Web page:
By Debby Woodin
JOPLIN, Mo. —
Joplin city employees are to receive a 3 percent across-the-board pay increase.
City Manager Mark Rohr told the City Council on Monday night that no raises have been given since November 2010, and that all city employees performed admirably to help with the rescue and recovery efforts after the 2011 tornado.
“The city does a good job of maintaining its infrastructure,” Rohr told the council during its informal meeting, “but I’m afraid we are falling behind on maintaining the personnel infrastructure.
“No greater test of any city employee has ever occurred” than the EF-5 tornado on May 22 that claimed 161 lives and destroyed or damaged about 7,500 structures.
He proposed that the city immediately grant a 3 percent across-the-board raise, and asked the council to review previously discussed pay-plan options and choose one by June 15.
Despite repeated discussions over the past several years, the City Council has not adopted a pay plan, so there is nothing in place to trigger raises.
In 2009, the council studied a pay-for-performance plan. The panel rejected it in early 2010, saying it eventually would get too costly as salaries rose, especially those of higher paid employees.
Two years ago, the city staff did a market study of public sector wages, and Joplin’s pay rates ranked 20 percent below those of other cities, Rohr said. The city staff also presented research into different types of pay plans from which the council could choose. The council decided to further explore two kinds of plans: a range-and-step plan, and a performance-and-competency plan. That work was interrupted by a number of issues and was not resumed before the tornado hit, when most of the council’s work turned to tornado issues.
At Monday night’s meeting, Rohr said he understands that people are rebuilding from the tornado, and that he was not asking that taxes be raised to pay for the wage increases. He said an across-the-board increase would cost $375,750. He said that amount could be paid from an increase in sales tax proceeds that has exceeded budget estimates. He said the city has strong fund balances but would not have to tap them for the cost.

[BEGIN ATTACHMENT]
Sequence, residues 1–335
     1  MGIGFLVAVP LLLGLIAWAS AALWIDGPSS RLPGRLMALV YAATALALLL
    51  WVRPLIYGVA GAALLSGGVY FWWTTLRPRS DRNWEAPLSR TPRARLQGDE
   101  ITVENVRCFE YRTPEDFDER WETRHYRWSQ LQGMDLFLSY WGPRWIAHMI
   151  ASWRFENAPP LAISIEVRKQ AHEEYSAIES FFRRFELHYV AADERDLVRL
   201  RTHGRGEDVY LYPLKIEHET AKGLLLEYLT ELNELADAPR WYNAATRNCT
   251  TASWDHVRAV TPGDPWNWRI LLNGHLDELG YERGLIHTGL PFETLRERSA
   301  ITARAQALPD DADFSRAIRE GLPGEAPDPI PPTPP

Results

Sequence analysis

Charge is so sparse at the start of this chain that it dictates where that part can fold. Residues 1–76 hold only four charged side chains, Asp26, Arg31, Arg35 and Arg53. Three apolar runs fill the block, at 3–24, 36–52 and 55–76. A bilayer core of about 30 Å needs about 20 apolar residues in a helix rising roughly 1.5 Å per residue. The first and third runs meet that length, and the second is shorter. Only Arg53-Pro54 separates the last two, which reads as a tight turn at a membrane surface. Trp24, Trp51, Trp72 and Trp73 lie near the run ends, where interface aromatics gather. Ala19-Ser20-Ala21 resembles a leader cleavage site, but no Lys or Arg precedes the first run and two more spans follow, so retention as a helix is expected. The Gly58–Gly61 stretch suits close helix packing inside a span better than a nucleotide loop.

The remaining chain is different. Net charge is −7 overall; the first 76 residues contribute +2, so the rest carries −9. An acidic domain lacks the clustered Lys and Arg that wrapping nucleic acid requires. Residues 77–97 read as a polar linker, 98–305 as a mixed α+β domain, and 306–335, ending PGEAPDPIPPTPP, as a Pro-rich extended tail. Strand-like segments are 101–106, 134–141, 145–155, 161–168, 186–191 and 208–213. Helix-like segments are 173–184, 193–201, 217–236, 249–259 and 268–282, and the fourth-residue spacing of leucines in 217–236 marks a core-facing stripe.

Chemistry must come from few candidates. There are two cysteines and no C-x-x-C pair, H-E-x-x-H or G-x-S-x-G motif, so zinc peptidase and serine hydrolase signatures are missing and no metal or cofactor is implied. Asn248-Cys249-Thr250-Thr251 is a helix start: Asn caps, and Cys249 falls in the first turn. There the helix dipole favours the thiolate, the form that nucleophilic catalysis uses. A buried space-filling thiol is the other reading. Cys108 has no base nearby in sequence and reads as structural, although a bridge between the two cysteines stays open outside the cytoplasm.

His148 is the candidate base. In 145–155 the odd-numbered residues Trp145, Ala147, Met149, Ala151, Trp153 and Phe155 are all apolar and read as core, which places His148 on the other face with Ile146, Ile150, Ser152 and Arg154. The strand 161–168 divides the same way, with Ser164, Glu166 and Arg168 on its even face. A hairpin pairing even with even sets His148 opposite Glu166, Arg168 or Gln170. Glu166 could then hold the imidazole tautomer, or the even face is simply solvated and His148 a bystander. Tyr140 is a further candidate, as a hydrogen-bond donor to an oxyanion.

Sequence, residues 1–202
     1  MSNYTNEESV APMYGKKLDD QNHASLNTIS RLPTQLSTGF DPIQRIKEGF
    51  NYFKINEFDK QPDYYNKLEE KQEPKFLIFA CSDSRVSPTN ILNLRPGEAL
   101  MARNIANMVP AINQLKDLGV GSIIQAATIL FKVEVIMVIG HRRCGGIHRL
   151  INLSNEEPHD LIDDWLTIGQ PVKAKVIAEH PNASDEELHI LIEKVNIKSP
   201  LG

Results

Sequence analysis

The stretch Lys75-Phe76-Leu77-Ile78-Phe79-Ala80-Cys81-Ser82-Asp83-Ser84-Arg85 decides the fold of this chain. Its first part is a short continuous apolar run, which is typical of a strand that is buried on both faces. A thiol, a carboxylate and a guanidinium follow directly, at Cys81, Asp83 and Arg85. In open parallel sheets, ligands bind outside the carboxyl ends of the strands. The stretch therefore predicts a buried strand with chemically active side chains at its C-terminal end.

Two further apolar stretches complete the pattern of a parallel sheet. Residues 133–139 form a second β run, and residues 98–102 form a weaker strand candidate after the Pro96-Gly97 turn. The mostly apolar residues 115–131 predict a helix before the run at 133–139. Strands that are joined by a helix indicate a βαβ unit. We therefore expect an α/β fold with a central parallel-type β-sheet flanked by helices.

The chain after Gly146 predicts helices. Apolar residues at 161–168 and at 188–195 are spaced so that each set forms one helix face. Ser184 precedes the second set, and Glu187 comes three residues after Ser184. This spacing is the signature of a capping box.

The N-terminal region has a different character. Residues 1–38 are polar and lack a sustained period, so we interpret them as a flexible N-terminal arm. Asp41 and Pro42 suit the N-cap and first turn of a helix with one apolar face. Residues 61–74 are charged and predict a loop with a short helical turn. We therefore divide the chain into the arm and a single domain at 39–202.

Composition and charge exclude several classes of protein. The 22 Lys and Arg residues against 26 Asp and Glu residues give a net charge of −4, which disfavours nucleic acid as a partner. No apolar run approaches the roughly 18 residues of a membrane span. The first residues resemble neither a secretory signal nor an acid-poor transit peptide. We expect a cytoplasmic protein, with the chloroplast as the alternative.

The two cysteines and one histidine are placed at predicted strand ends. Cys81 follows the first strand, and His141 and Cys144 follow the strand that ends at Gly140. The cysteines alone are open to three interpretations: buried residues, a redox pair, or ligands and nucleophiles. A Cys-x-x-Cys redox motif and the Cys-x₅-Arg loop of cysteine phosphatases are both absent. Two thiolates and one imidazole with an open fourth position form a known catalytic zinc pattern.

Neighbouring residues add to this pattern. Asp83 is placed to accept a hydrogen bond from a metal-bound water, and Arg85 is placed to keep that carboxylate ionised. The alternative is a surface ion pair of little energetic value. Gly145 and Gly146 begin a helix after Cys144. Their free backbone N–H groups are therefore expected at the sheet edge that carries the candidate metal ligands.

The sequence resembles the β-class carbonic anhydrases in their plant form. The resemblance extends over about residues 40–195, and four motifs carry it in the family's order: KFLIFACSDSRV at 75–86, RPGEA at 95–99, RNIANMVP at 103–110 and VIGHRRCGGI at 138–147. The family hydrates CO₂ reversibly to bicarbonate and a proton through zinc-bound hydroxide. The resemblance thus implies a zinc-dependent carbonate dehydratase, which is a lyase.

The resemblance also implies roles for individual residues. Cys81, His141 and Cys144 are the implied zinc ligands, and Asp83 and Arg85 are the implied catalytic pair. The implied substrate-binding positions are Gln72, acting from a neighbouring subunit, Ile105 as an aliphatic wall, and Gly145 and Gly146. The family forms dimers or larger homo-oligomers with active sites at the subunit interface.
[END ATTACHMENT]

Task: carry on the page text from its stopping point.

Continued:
Councilman Morris Glaze said he was not “real happy” about granting an across-the-board raise because he believes the council should pick a pay plan and implement it in order to comply with the city charter. He wants to tie raises to employee evaluations. Evaluations are tied to the anniversary of an employee’s hiring date.
Rohr said the 3 percent raise is a short-term effort to help employees meet rising costs. He said that if the council did choose a pay plan, it could mean that some employees would have to wait another year to get a raise because their anniversary date has already passed this year.
Councilman Jack Golden said pay-for-performance has been used in other places and in some local companies, and has not been successful. He said he would like to see a current local wage study to help decide what wages should be.
Councilman Benjamin Rosenberg said he believes an across-the-board pay raise is the most fair. “I think you’ll have less dissension if you do that way than any other way,” he said. To award raises in different amounts creates resentment among co-workers, he said.
Councilman Gary Shaw favored giving the raises, and he said the council should be familiarized with the pay-plan options so that it could select one at a future meeting.
Councilman Bill Scearce said he did not agree with awarding an across-the-board increase because it rewards workers on the higher end of the pay scale more than those on the lower end, and they need more money the most to keep up with gas prices and utility costs.
Shaw said the council should try to make it as fair as possible and give a raise. “I think our people deserve something,” he said.
Golden asked that the council be sensitive to the plight of residents in deciding how much government would cost.
THE COUNCIL’S VOTE to approve the 3 percent pay increase was unanimous.